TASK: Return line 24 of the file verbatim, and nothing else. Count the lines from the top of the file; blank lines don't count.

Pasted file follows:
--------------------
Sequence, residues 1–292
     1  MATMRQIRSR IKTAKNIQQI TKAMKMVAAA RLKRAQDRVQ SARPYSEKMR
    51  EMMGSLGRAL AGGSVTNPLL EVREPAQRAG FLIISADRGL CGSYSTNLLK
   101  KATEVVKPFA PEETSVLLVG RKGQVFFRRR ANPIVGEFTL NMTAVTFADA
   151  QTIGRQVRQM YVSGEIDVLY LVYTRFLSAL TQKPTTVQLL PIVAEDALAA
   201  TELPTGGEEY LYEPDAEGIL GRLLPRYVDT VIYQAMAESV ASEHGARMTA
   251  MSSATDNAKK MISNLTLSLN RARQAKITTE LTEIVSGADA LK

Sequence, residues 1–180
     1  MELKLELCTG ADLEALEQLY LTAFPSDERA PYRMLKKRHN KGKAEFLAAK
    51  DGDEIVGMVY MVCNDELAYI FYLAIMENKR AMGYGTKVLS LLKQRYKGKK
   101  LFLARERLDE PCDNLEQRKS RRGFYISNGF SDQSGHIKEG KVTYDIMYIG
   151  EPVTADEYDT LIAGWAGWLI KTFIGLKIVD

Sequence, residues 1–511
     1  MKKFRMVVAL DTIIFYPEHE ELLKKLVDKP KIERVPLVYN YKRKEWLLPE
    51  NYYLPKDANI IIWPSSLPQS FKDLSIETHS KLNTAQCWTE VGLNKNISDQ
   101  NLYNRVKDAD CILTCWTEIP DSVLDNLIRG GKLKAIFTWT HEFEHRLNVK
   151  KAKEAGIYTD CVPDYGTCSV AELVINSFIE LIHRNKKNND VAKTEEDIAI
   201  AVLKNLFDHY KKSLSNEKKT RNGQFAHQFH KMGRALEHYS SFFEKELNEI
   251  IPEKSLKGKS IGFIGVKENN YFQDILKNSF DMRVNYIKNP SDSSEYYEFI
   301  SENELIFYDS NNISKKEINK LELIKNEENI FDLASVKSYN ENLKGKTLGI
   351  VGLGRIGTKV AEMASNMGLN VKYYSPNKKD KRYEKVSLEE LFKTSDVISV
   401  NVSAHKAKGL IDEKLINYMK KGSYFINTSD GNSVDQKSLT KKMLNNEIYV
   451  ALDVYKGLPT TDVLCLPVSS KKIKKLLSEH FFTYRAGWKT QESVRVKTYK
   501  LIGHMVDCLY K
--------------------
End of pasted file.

   501  LIGHMVDCLY K